Founded in 2015, Mantis Vision, a 3D technology developer for mobile platforms, has raised $22.2 million from the likes of Samsung and Qualcomm. About three years, Mantis Vision moved into bigger orbits when Google adopted its technology for the Google 3D Tango Smart Phone. Using Mantis Vision’s motion-capable core 3D capture platform, called MV4D, it can capture 3D objects while in motion or standing still.
The latest technology from Mantis Vision is its handheld 3D scanner that captures 640,000 points per second with very low noise. It also has ambient lighting, which means it can scan from complete darkness to daylight.
Digital Health: A Holodeck for Health
Founded in 2008, RealView Imaging is developing what it claims are interactive, true 3D holographic displays, particularly for the healthcare industry. It has raised $10 million to date. The company’s proprietary Digital Light Shaping technology projects hyper-realistic, dynamic 3D holographic images “floating in the air” without the need for any type of eyewear or a conventional 2D screen. RealView is releasing its first holography product, the Holoscope-i, this year for clinical use, allowing physicians to slice and dice organs in mid-air:
The company has a second holography medical device in the pipeline, Holscope-x, which displays the hologram within the patient’s body, making the patient literally “see-through”, like in one of those Body World exhibits.
Gesture Control & Positional Tracking: In the Blink of an Eye
Founded in 2010, Umoove, has raised $2.5 million in disclosed funding for its face and eye-tracking technology for mobile platforms. While the technology has applications for AR/VR and gaming, as the user can interact with the mobile device with just his eyes without any additional hardware, the company actually markets the technology primarily to the healthcare industry. In this case, eye tracking is used to diagnose neurological disorders such as ADHD, concussions, traumatic brain injury, Alzheimer’s, autism, strokes and more. This guy seems to be suffering from serious red eye.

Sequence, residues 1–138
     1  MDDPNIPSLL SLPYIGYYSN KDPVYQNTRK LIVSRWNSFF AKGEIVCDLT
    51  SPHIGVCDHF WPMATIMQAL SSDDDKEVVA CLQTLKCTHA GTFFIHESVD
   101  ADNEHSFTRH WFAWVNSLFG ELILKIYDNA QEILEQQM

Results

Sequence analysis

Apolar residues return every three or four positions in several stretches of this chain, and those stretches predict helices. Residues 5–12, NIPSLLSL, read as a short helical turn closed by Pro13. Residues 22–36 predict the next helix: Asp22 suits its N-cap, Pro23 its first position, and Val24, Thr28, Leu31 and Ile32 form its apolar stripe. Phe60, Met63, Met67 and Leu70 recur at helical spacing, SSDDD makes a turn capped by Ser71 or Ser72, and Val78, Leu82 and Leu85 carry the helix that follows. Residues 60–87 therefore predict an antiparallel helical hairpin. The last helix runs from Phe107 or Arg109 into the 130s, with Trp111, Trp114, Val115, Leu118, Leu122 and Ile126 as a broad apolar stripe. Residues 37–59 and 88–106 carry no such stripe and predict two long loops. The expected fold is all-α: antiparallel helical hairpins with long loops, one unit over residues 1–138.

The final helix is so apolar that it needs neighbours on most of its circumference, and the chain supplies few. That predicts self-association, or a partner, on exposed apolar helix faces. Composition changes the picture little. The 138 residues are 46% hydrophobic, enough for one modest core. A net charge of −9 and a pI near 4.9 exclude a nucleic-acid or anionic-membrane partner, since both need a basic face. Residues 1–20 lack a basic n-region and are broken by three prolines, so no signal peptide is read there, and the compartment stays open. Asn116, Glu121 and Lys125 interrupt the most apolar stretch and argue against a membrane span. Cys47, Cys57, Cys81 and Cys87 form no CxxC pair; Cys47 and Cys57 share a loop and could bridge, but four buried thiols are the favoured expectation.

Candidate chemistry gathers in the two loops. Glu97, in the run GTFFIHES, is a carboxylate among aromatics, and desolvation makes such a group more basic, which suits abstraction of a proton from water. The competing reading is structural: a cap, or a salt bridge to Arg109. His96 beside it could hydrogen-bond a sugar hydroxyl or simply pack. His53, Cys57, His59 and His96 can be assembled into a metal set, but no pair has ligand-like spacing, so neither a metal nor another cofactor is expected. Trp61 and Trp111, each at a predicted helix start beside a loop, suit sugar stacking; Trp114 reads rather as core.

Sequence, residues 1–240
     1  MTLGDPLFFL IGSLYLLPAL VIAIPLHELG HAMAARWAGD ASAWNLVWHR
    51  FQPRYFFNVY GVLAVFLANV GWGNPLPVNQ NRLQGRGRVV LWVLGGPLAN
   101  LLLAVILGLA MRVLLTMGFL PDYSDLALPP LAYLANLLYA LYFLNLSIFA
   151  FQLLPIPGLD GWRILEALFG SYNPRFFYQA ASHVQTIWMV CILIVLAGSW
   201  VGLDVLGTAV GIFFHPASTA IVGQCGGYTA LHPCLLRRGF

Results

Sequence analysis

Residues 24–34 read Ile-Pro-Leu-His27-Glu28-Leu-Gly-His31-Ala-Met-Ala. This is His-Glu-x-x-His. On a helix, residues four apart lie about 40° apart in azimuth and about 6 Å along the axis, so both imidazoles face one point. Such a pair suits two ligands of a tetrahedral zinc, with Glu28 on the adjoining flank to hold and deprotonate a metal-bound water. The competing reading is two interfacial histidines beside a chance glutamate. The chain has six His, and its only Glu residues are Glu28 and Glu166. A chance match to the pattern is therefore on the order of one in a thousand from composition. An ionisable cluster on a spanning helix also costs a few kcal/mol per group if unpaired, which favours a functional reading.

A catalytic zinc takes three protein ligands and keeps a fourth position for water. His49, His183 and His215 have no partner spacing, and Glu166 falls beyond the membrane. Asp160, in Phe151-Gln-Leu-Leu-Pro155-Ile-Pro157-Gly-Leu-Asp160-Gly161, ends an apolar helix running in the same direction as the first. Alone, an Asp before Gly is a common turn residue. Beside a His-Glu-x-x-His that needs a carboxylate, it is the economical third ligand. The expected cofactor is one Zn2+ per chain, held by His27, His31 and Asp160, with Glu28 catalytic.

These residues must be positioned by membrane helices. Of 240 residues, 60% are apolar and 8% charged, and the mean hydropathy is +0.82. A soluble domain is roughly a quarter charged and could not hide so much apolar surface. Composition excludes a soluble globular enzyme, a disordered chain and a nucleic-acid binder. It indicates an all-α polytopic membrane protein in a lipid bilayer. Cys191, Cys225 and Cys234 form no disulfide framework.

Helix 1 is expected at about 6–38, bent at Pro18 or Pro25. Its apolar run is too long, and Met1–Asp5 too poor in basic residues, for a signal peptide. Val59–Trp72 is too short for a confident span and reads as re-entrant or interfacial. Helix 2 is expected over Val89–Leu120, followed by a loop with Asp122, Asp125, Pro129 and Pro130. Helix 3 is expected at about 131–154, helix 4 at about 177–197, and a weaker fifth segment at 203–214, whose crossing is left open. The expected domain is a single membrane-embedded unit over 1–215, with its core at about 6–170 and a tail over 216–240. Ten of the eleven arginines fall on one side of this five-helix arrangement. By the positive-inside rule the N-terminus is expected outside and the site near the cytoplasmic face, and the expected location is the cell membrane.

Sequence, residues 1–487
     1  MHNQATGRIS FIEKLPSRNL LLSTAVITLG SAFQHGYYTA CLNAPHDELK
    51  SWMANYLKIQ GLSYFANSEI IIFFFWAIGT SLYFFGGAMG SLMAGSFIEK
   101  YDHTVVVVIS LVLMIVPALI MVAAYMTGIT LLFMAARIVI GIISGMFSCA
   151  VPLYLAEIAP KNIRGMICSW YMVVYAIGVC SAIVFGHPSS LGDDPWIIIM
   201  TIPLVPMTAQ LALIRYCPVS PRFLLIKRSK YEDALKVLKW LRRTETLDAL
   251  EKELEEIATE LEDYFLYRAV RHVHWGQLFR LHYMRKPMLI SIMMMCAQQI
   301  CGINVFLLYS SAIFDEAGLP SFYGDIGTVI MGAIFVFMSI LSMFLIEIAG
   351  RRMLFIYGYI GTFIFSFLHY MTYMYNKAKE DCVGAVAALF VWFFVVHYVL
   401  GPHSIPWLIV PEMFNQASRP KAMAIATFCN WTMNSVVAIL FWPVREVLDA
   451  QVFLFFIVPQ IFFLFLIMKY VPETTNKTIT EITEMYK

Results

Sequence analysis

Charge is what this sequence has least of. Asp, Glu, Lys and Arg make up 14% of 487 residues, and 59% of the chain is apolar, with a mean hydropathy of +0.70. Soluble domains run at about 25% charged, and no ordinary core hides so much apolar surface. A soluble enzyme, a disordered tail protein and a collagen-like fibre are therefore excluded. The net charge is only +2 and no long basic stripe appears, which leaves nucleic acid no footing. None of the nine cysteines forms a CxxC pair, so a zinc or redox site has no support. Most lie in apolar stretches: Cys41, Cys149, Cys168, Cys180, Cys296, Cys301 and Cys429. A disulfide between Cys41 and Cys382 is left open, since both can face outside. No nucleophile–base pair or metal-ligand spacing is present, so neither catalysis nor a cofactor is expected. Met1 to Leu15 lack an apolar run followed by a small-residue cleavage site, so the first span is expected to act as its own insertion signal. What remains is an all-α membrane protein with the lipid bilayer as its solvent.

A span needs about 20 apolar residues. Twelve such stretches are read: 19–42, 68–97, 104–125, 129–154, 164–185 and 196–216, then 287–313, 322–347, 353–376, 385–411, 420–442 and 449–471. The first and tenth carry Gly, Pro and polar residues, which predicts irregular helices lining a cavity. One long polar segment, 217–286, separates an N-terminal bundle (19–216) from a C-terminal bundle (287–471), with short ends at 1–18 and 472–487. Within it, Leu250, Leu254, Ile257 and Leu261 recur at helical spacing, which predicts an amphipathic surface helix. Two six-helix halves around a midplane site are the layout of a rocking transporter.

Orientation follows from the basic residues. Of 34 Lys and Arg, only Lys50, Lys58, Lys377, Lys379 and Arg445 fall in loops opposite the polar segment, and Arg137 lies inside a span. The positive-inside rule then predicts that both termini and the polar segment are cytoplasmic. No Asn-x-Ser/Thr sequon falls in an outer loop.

Umoove’s technology is packaged as two main SDKs; FaceSDK and EyeMovementSDK, both of which are available on iOS and Android. The FaceSDK is currently open to developers who are looking to integrate face-tracking into new or existing apps via a plug and play process. The EyeMovementSDK is in beta stage and is currently open to select strategic partners.
Content & App Studio: VR Programming
Founded in 2016, Inception, a VR app and platform for virtual reality content, has raised a total of $15 million in a series A funding round just last month led by Europe’s largest broadcaster, RTL Group. The company provides content for a variety of media purposed, from music videos to the Playboy Channel. Last month, Inception joined Microsoft Windows Mixed Reality Program and has been chosen as a beta partner for Facebook’s augmented reality Camera Effects Program. The Camera Effects Platform includes two products. Frames Studio lets users design frames that can be used either with profile pictures or in the new Facebook camera. AR Studio can be used to create masks, scripted effects, animated frames and other AR technologies that react to movement or interactions during live videos. Frame Studio is available globally, while AR Studio is now open for beta applications.
3D Modeling: Taking the Show on the Road
Founded in 2004, RDV Systems, a 3D visualization company, has raised $1 million to date for developing augmented reality technology for civil engineering projects. It has three main products for online collaboration, presentations and outreach. Here’s everything you wanted to know and much, much more about a continuous flow intersection being constructed in Florida featuring RDV’s visualizations:
The company has worked with a who’s who of municipalities, from Kannapolis, North Carolina, to Danbury, Connecticut.
The only thing that’s more amazing than the sheer number of AR/VR startups coming out of Israel is the actual technology they’re developing. The creepy red-eyed guy aside, Israel appears to be one of the leaders in this sector. That’s no mean feat. Israel is also the gay capital of the Middle East, which we’re guessing is an easier title to hold.